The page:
The CIA, Skull and Bones, and Rewriting History: The Good Shepherd Purportedly Uncovers the "Untold Story of the Birth of the CIA." It Does Show the Incontestable Skull and Bones-CIA Connection, but Otherwise Largely Fails

By Mass, Warren | The New American, February 19, 2007 | Go to article overview

The CIA, Skull and Bones, and Rewriting History: The Good Shepherd Purportedly Uncovers the "Untold Story of the Birth of the CIA." It Does Show the Incontestable Skull and Bones-CIA Connection, but Otherwise Largely Fails


Mass, Warren, The New American


The Good Shepherd is a fictionalized version of history which is accurate in almost every incident. But because the filmmakers are liberated from trying to be faithful to the tiny details, they've come a lot closer in many ways to capturing some essential truths about this extraordinary period of intelligence, counterintelligence, betrayal and espionage during the Cold War....

There's no way to understand the present without understanding how we got there. And The Good Shepherd tells us.

--Richard C.A. Holbrooke Ambassador to the UN, 1999-2001

The Good Shepherd is described on its official website as "the untold story of the birth of the CIA." To the extent that most Americans do not know about the strong connection between Yale's secretive Skull and Bones Society and our nation's premier intelligence agency, the movie delivers as promised in a credible way. However, not surprisingly, in "the untold story," as captured through the lens of director Robert De Niro, the CIA was founded as an anti-communist organization that went on to fight the good fight, though not always successfully or adeptly, against Soviet spies and designs during the Cold War. That image of the CIA fits perfectly with conventional wisdom, but it does not fit so well with the real "untold story."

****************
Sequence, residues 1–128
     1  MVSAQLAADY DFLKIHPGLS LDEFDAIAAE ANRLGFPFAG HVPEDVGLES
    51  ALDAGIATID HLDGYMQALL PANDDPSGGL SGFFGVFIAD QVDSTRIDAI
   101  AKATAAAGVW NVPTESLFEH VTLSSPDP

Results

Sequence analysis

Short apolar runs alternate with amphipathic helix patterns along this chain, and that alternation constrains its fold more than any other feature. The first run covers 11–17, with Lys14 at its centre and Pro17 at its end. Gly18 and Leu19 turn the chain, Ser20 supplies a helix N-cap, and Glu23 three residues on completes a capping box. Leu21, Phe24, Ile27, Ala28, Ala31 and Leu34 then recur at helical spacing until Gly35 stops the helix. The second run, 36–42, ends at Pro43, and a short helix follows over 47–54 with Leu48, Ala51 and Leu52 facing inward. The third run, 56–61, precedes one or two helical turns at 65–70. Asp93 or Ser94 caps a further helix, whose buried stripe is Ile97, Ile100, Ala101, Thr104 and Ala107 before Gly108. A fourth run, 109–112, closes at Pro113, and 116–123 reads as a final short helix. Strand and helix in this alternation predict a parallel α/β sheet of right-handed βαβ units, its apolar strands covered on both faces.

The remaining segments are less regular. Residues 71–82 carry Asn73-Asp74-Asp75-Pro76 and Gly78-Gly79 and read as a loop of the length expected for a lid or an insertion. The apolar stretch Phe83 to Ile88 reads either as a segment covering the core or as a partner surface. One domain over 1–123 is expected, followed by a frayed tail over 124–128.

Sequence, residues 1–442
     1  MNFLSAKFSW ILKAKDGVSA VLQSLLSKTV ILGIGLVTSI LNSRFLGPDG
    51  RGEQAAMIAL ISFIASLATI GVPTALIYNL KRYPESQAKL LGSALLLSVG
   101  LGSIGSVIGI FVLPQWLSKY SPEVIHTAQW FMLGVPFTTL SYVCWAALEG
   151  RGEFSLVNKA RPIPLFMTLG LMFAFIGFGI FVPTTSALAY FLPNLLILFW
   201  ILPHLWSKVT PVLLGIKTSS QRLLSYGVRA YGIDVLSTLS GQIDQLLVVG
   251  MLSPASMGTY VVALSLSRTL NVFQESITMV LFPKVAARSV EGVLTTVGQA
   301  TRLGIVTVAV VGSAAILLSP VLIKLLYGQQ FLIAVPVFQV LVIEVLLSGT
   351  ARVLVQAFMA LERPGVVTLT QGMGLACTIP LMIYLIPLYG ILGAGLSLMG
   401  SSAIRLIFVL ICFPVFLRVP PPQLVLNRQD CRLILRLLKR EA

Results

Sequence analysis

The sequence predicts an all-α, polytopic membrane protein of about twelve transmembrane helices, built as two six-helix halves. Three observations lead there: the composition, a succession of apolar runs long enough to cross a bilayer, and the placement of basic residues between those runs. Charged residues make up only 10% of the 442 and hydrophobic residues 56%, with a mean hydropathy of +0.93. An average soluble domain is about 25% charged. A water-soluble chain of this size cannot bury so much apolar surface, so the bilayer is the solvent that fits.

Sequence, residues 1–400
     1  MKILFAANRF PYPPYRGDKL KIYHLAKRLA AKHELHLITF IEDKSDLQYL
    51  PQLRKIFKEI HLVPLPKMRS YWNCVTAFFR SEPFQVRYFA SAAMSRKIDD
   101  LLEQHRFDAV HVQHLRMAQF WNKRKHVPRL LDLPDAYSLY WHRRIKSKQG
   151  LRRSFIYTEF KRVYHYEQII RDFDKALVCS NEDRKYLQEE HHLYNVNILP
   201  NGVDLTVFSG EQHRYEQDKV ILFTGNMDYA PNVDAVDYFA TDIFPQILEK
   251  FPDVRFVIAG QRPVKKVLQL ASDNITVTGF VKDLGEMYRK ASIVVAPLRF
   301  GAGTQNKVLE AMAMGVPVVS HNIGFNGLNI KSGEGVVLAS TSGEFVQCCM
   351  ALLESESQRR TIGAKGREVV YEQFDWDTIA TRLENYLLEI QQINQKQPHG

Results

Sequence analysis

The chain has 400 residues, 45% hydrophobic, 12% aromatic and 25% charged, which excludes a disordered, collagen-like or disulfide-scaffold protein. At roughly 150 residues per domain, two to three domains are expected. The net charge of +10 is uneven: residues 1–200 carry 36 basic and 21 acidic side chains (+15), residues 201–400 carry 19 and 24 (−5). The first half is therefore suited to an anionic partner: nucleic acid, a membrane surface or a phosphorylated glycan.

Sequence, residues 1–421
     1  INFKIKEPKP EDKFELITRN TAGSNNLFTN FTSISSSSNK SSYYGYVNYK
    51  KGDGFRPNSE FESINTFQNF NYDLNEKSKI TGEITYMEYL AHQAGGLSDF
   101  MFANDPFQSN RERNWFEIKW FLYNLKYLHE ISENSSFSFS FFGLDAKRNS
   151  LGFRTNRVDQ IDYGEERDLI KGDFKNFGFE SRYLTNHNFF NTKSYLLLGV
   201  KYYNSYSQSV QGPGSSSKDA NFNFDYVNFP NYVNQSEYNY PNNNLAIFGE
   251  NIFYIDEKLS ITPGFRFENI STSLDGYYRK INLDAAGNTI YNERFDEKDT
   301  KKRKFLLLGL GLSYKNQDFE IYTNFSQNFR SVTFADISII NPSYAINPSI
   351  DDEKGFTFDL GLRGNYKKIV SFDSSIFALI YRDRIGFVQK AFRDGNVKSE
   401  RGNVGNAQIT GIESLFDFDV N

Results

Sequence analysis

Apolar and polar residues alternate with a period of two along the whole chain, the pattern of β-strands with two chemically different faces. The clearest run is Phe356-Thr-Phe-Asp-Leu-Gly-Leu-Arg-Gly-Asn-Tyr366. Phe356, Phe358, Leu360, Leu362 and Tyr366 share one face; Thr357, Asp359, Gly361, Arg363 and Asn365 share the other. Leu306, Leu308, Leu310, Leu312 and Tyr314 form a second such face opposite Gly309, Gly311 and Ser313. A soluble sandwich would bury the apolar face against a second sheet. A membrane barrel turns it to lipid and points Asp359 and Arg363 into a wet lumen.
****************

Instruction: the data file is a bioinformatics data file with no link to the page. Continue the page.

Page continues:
The reviewers almost universally panned the film--but not for what the movie failed to uncover. They, like this reviewer, found the movie tedious. De Niro, who also starred in the film, seemed more intent on teaching the American public a history lesson than in providing entertainment, making the movie's 156-minute running time seem longer than it actually was. De Niro included a few scenes of sexual activity in his film apparently to relieve its tediousness, but failed to accomplish that goal while diminishing the film's appeal for more morally discriminating viewers.

Through De Niro's Lens

The Good Shepherd is the product of De Niro's decade-long interest in the CIA. A friend who knew of that interest introduced De Niro to Milt Bearden, a retired 39-year CIA veteran who ran the agency's operations in Afghanistan in the 1980s. Bearden became the film's lead technical adviser.

The focal point of the movie is the Bay of Pigs invasion in 1961, when a group of Cuban expatriates trained by the United States attempted to liberate their homeland from Castro's oppressive dictatorship. From that vantage point, most of the events of the movie are depicted in a never-ending series of flashbacks through the eyes of top-ranking CIA agent Edward Wilson (portrayed by Matt Damon). Those flashbacks extend as far back as 1939, when Wilson was tapped as a Skull and Bones member at Yale University. After graduation, Wilson is recruited to work for the Office of Strategic Services (OSS), the World War II-era precursor to the CIA. Wilson is also asked to take part in the founding of the CIA.

Though The Good Shepherd depicts the CIA as genuinely trying to safeguard U.S. security, it does not shy away from portraying aspects of the agency's dark side. In one riveting scene, agents cover an interrogatee's head with a garment that is repeatedly soaked with water, nearly drowning him, until the hapless man breaks free and jumps through the window to his death.

The film also depicts the CIA as an all-consuming organization that requires a degree of dedication and surrender of self on a par with membership in the Mafia or the Communist Party. Wilson's marital relationship with his wife Margaret "Clover" (Angelina Jolie) suffers greatly because his life as an agent leaves no time for being a husband and father. In two separate scenes, the Bonesmen and their wives attend formal banquets at Deer Island, the Skull and Bones private Thousand Islands retreat (which really exists), where the toast to the Order takes precedence to the invocation. Clover, whose father and brother are also Bonesmen, remarks with evident sarcasm each time the toast and invocation are given: "Agency first, God second.

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